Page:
What Do We Do with the Art of Men Who May Be Monstrous?

by | indieBerlin

On 12 October 2017, Chelsea Tadros posts to her public Twitter account to allege that she and a friend, RaeAn Medina, had been drugged and raped by William Bensussen more than four years earlier, on 05 July 2013. In her letter, Tadros recalls meeting Bensussen one afternoon at the Standard Hotel in Los Angeles, CA-USA; being dropped off in front of the same building one day later; and “a few sharp but at the same time, blurry, memories” [sic] in between. She explains that she has come forward to help herself heal, to prevent the repetition of similar events among other women, and to demand that Bensussen face what she and RaeAn have faced for four years.

On 13 October 2017, when contacted by several web publications for comment, Bensussen circulates a short text asserting that “Chelsea’s version of this story is not true”. He does not deny having had any kind of sexual encounter with either woman, but claims that he had accepted an offer, and that consent had existed between the three people involved. He thanks his witnesses and roommates for their support and affirms that he is taking it all very seriously.

News broken, fallout ensues. The Brooklyn Electronic Music Festival cancels a performance in which Bensussen is scheduled to participate that same evening. Low End Theory, a weekly party series he co-founded in Los Angeles in 2006, issues a statement to say it has “parted ways” with Bensussen. Brainfeeder observes that it has not released his music for over six years, and that he is not currently signed to the label. Tadros, meanwhile, expresses her own thanks for the support that she and RaeAn have received, as well as her admiration for the women that have confided in her. Neither of these sentiments is broadcast by the digital outlets that have thus far shed light on the as-of-yet at-odds accounts.

On 14 November 2017, Bensussen files defamation lawsuits in the Los Angeles Superior Court that together seek at least $5million in damages from Medina, Tadros, and Tadros’ boyfriend, Jack Wagner, claiming that all three disseminated “malicious and fabricated rape allegations against William Bensussen on the Internet, based on a consensual sexual encounter.” A judge promptly relieves Medina from the case but allows that against Tadros to proceed; no news record makes any mention of Wagner, though his name is will continue appearing in the “Defendants” header of successive court documents.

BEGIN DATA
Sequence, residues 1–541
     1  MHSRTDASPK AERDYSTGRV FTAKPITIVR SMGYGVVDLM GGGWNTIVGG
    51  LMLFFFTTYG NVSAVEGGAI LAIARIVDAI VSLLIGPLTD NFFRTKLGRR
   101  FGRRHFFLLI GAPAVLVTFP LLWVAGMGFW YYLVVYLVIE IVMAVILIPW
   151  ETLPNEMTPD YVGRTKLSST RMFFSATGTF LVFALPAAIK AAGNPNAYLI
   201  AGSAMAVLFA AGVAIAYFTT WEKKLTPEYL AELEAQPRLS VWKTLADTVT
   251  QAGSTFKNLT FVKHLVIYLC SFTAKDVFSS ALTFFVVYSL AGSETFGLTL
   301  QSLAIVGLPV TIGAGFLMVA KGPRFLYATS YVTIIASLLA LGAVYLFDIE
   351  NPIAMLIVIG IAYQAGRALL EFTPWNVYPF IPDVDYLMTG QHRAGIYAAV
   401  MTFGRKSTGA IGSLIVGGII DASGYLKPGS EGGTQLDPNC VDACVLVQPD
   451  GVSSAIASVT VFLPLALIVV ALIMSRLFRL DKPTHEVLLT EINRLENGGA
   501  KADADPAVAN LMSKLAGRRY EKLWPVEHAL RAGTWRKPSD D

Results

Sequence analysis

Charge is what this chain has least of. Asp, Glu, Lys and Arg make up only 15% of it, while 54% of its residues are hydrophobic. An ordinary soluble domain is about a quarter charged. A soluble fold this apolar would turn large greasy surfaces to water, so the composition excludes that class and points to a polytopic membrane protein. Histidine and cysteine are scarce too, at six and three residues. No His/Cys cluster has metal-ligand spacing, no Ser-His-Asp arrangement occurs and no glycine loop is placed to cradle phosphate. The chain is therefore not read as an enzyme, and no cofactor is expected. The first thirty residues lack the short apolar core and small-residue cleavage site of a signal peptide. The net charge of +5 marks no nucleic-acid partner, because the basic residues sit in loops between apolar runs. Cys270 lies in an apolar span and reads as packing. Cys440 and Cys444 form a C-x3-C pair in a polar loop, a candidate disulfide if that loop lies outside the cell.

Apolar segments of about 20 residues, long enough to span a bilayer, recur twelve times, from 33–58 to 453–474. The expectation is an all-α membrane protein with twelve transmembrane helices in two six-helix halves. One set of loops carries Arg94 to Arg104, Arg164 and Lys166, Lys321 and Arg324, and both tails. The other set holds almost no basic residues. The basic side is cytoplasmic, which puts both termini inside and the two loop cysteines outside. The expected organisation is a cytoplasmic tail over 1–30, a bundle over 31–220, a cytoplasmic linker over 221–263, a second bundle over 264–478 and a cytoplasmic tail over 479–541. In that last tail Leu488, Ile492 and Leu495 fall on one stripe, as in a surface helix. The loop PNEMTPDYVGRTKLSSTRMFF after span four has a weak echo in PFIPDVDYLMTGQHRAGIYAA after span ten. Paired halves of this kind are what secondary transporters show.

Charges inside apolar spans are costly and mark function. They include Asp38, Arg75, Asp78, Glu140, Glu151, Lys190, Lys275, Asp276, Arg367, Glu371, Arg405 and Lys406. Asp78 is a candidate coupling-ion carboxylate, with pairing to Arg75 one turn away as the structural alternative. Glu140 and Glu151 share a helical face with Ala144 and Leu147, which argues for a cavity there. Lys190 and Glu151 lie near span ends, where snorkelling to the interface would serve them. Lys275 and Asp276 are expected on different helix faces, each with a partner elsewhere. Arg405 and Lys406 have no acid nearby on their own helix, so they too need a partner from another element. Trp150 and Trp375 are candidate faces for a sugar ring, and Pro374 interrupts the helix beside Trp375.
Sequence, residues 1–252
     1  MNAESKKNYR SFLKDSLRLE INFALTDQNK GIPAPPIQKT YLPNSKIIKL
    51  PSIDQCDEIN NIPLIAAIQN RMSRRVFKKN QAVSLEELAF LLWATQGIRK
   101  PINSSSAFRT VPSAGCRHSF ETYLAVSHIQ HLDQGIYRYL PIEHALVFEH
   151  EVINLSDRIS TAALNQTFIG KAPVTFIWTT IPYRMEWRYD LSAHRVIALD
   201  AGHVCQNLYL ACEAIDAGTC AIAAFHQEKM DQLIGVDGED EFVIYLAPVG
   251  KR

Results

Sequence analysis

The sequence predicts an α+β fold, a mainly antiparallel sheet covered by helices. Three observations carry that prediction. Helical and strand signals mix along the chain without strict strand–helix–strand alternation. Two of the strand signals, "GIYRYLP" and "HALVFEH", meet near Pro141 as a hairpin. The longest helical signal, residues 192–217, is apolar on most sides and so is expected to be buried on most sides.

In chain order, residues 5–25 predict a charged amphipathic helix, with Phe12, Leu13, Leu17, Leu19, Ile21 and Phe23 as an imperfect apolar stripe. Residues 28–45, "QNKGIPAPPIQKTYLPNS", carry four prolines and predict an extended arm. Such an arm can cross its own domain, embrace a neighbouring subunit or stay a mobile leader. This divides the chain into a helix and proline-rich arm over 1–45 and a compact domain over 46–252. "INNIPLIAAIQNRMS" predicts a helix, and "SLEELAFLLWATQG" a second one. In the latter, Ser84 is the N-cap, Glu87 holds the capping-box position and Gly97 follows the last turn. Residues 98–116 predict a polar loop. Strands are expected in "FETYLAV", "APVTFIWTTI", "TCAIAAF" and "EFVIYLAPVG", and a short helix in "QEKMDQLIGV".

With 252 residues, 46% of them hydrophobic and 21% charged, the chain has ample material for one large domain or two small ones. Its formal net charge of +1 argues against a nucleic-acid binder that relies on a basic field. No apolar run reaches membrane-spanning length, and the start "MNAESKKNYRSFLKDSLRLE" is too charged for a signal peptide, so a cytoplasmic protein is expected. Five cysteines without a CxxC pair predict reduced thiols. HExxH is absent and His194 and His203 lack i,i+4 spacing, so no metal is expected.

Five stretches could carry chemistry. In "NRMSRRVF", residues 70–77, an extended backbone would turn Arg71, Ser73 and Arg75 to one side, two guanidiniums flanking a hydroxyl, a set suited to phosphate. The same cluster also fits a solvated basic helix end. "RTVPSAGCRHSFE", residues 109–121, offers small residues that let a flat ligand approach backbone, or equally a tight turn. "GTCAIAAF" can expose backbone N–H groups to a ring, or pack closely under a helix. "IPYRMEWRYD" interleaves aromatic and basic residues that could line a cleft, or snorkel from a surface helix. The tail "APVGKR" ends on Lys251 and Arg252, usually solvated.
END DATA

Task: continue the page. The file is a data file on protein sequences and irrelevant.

On 20 November 2017, The Paris Review publishes an essay by Claire Dederer entitled “What Do We Do with the Art of Monstrous Men?” in which she asks if she has a responsibility either to reject great works made by condemnable people or to subsume her disdain of their histories to encounter the possibility of their oeuvres’ Sublime. She writes operatively and often, though not always, from an “I”, rather a “we”, in order to personalize her consideration of the merits – aesthetic and ethical alike – and render her assessment “a moral feeling”. She is deeply affected by Annie Hall, and she likewise is familiarly disgusted by Woody Allen’s biography. The way in which two senses color one another implicates her singularly, qua Claire Dederer, and she is not sure what then to do.

On 13 March 2018, a judge at the Los Angeles Superior Court dismisses the litigation against Medina on the basis of an anti-SLAPP (Strategic Lawsuit Against Public Participation) statute, which the state has encoded to stymy retaliatory lawsuits brought by entities to censor, intimidate, or silence their public critics. The judge then green-lights a portion of the legal action against Tadros. Barring an out-of-court settlement or a dissolution on procedural grounds, the motion will produce a discovery phase, an in-court argument over the presented evidence, and, eventually, a decision by a seated jury. Remember that those assembled before the bench will not contemplate whether or not Bensussen is a rapist, but whether or not he is a sufficiently public figure for Tadros to assert that he is. Recall as well that the Governor of California signed a measure in September of 2016 rescinding the state’s 10-year statute of limitations in instances of sexual assault, explicitly in response to the cascade of publicized, date-expired cases that might have been brought against Bill Cosby.

On 15 May 2018, the court documents of William Bensussen v. Chelsea Tadros are released, permitting both parties – presumably bound by lawyerly counsel or law itself to silence in the face of pending litigation – to speak publicly on the narratives and meta-narratives seeded by their run-in at the Standard pool party nearly five years beforehand. Both take to social media, Bensussen writing that he wants to open a dialogue, not impose a silence, and Tadros then inviting him to tell her with 100% certainty that their encounter was consensual and that she is “not a ‘real’ victim of sexual assault.” Their respective lawyers join the fracas with a litany of descriptive hyperbole: frivolous, ignorant, repugnant, fabricated, vile, malicious, hoax, actual malice (admittedly, part of the technical lexicon of defamation jurisprudence), impossible, 100%, forever, everything, the facts, the facts, the facts.